Apr 28, 2016

Tommy James & the Shondells - Hanky Panky from the album Hanky Panky (1966)

Tommy James & the Shondells - Hanky Panky from the album Hanky Panky (1966)
"Hanky Panky" is a song written by Jeff Barry and Ellie Greenwich for their group, The Raindrops. It was famously remade by rock group Tommy James and the Shondells, who took it to No. 1 in the United States in 1966.

This was Casey Kasem's 'anatomy of a hit' for "Hanky Panky" by Tommy James & The Shondells, with credit provided to a Pittsburgh disk jockey from WZUM, as related during the June 9, 1984 AT40 show.




"...Now we're up to an AT40 extra -- a delayed action, number one song recorded by a group of school boys whose leader was only 13 years old. Here's the story. In 1961, they recorded a rock & roll song when they were going to Niles High School in Niles, Michigan. A small local label released it, but it flopped. Four and a half years later in 1965, the leader of that band -- a boy named Tommy -- was married and supporting his new family by playing clubs around Chicago. Then one day Tommy gets a phone call, a long distance phone call, from a stranger, a disk jockey who says, 'Hey! You better come to Pittsburgh -- your record's number one here.' And Tommy says, 'What record?' Well the man tells him, 'Hanky Panky.' Tommy couldn't believe it. What had happened was that that Pittsburgh disk jockey -- Mike Metrovich on station WZUM -- had found a copy of the record and played it as an oldie. His audience liked it and he kept playing it. And it became the number one song in Pittsburgh. That's when he phoned Tommy James. Well, the other members of Tommy's band wouldn't go to Pittsburgh with him to exploit their hit. So, Tommy went alone. And sold the rights to 'Hanky Panky' to Roulette Records. Now Tommy was gonna to need a band to back him up on all the bookings the hit would generate. And he found one, in a Pittsburgh night club. And they began touring together as Tommy James and The Shondells, while 'Hanky Panky,' promoted by Roulette, began hitting in the rest of the country. And by mid-summer of 1966, it was the number one song in the nation. During the next four years, Tommy James and The Shondells put eighteen more hits on the charts, seven of those in the Top 10. After which, Tommy James added thirteen more chart records as a solo act. Now, as an AT40 extra, here's the song that started it all, recorded when Tommy was 13 years old. Five years later, it was the number one song in the country --'Hanky Panky'..."

Apr 19, 2016

Middle Of The Road - Chirpy Chirpy Cheep Cheep (1971) from the album The Best Of Middle Of The Road

Middle Of The Road - Chirpy Chirpy Cheep Cheep (1971) from the album The Best Of Middle Of The Road
"Chirpy Chirpy Cheep Cheep" is a song recorded in early 1971 by its composer Lally Stott, and made popular later that year by Scottish band Middle of the Road for whom it was a UK number one chart hit. That version is one of the fewer than forty all-time singles to have sold in excess of 10 million physical copies worldwide. Despite its popularity when originally released, the song is rarely played on oldies radio stations today.



The original recording by its composer Lally Stott, was a hit in France (Top 15), a minor hit in Italy, Australia and in the United States. Stott's record company, Philips, was reluctant to release the song overseas, and apparently offered it to two other groups: Scottish folk-pop group Middle of the Road, who were working in Italy at the time, and Mac and Katie Kissoon. While it is unclear which group Stott offered his song to first, Mac and Katie Kissoon produced their cover version first. Middle of the Road's version then initially became a hit on the Continent only, but later grew in popularity in the United Kingdom, reportedly via DJ Tony Blackburn favoring this version over the previously-produced version by Mac and Katie Kissoon. However, Middle of the Road's version didn't even chart on the United States Billboard Hot 100, and nearly flopped in the UK also, because it followed the Kissoon's previously-produced version. Middle of the Road's version eventually reached #1 in the UK and stayed there for five weeks in June 1971, while the Kissoons' version only reached #41. In the USA the Kissoon's version was a greater success, reaching #20 on the Billboard Hot 100, while Lally Stott's original version reached #92.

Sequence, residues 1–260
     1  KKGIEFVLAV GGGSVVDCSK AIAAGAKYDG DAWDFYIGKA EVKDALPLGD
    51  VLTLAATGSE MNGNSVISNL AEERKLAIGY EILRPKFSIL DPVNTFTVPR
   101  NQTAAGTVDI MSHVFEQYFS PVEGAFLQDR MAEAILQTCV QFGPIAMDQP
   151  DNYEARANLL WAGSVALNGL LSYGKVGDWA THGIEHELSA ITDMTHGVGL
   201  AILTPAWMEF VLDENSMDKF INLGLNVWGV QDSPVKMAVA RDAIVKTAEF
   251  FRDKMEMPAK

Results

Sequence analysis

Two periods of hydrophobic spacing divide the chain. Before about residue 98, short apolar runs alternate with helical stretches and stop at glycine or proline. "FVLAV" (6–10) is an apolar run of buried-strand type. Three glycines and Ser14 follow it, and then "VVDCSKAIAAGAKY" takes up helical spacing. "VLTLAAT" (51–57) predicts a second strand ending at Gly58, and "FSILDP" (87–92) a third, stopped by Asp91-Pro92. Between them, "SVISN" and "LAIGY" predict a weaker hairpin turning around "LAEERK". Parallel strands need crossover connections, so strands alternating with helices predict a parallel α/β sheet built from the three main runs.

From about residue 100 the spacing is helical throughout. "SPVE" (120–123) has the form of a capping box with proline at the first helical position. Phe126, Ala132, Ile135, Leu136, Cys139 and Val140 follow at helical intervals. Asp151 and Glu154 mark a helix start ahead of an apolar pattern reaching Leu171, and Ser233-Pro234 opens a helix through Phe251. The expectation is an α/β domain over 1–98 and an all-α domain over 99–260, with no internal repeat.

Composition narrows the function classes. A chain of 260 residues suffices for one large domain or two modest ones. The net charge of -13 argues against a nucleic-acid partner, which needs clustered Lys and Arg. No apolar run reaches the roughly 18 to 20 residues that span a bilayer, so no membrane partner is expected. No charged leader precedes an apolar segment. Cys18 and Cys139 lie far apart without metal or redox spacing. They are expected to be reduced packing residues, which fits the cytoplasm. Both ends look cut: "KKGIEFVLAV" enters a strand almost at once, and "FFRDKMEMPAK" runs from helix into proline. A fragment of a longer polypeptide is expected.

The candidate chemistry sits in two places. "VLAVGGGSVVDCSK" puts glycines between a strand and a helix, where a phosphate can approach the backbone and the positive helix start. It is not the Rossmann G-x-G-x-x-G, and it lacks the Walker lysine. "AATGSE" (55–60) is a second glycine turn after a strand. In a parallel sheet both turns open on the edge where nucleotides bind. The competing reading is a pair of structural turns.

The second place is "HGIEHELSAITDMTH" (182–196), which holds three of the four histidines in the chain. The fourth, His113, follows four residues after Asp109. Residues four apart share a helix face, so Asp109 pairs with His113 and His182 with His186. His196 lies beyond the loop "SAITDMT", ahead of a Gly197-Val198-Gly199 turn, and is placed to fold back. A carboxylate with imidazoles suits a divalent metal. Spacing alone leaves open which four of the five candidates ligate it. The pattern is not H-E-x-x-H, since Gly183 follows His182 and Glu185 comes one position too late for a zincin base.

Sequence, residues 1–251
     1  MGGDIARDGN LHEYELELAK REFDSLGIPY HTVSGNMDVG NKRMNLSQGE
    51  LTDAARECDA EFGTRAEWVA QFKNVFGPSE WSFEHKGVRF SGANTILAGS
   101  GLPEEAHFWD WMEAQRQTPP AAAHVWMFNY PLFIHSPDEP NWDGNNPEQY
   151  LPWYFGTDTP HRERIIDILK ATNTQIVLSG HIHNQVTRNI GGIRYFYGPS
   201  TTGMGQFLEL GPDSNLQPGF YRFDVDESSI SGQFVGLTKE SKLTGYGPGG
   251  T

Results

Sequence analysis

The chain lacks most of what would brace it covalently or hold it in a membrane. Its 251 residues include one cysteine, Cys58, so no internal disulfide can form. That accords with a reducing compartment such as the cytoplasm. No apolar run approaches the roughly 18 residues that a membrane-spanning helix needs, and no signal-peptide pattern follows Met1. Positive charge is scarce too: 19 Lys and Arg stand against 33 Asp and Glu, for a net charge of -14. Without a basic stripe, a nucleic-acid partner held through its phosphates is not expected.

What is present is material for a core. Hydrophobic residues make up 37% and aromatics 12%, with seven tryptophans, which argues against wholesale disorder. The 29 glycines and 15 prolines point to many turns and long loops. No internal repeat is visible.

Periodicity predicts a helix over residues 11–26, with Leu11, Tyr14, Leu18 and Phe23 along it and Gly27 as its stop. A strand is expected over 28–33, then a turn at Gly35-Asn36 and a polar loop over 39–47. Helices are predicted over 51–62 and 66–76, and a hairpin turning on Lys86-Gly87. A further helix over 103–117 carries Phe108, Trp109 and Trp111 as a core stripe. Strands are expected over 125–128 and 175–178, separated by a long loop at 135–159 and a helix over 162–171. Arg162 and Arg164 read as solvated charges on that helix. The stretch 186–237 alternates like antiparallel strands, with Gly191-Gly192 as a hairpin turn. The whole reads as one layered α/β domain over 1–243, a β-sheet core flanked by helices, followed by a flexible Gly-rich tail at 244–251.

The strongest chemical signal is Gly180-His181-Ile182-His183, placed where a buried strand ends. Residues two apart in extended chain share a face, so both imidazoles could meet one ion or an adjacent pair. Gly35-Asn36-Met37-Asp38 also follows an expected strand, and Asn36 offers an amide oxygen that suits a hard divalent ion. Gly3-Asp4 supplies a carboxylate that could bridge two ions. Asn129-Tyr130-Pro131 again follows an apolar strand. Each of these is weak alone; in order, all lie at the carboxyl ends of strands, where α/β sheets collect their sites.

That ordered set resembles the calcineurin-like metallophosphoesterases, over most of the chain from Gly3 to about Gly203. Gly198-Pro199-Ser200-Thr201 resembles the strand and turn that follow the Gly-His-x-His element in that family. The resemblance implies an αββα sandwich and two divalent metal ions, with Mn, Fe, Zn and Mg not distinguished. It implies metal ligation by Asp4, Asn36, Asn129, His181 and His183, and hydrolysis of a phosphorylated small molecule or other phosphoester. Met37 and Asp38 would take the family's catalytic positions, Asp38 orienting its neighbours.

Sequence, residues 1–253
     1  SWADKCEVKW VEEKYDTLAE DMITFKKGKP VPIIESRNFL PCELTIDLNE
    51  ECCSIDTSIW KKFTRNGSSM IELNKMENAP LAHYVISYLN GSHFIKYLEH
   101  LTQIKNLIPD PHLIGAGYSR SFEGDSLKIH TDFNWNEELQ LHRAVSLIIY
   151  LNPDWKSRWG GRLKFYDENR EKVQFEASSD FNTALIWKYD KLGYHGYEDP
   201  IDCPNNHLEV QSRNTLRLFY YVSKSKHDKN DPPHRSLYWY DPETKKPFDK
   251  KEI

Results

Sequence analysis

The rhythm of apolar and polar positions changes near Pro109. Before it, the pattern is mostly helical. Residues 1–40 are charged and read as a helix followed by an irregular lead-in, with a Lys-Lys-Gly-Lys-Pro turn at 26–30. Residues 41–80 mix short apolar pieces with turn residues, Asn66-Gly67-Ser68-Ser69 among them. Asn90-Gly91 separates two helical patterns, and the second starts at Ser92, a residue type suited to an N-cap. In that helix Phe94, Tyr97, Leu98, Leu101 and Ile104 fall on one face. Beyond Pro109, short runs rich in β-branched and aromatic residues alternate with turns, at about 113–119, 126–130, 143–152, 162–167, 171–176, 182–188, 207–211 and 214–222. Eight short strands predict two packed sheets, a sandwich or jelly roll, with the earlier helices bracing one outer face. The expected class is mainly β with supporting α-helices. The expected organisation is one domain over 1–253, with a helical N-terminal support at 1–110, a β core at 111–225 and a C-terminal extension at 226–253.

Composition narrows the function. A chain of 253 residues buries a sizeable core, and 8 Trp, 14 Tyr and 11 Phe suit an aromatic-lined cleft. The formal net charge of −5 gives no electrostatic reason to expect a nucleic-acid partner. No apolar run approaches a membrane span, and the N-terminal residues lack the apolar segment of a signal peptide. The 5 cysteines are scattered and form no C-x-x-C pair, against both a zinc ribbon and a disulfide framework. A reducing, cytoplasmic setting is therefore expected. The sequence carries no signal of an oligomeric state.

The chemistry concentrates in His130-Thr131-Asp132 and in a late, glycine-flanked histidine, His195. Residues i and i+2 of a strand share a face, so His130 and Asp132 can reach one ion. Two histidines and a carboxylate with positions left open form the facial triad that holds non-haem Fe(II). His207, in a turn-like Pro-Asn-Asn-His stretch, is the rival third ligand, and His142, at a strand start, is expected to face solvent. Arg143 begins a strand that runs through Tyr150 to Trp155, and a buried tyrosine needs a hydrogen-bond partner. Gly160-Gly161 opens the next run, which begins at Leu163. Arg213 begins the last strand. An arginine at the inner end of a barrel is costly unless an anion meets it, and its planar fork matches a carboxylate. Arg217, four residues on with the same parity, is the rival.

Oct 13, 2015

Paper Lace - The Night Chicago Died (1974)

Paper Lace - The Night Chicago Died (1974)
"The Night Chicago Died" is a song by the British group Paper Lace, written by Peter Callander and Mitch Murray. The song reached number one on the Billboard Hot 100 chart for one week in 1974, reached number 3 in the UK charts, and number 2 in Canada. It is about a fictional shoot-out between the Chicago Police and members of the Al Capone Syndicate. The narrator retells his mother's anguish while awaiting news of the fate of her husband, a Chicago policeman.


Dec 21, 2014

Edison Lighthouse - Love Grows Where My Rosemary Goes (1970)


Edison Lighthouse - Love Grows Where My Rosemary Goes on WLCY Radio
"Love Grows (Where My Rosemary Goes)" is a popular song by "one-hit wonder" Edison Lighthouse. The single hit the number one spot on the UK Singles Chart on the week ending on 31 January 1970, where it remained for a total of five weeks. It also became the first number one single of the 1970s (not counting Rolf Harris' "Two Little Boys" which was a holdover from 1969).




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"Love Grows (Where My Rosemary Goes)" was written by Tony Macaulay and Barry Mason. Essentially, they were a studio group with prolific session singer Tony Burrows providing the vocals. When the song became a hit, a group needed to be assembled rapidly to feature the song on Top of the Pops, a popular TV show. Mason and Macaulay found a group called 'Greenfield Hammer' and brought them to Tony's auditions a week before their appearance on Top of the Pops. Once chosen and rehearsed, they appeared on the show as 'Edison Lighthouse' to mime to the fastest climbing number 1 hit record in history. Burrows sang the song on the programme during his third appearance on the same show with three different groups.

"Love Grows" reached number 5 on US pop chart, number 3 in Canada, and number 1 on the UK Singles Chart for five weeks in January and February 1970. It reached number 3 in South Africa in February 1970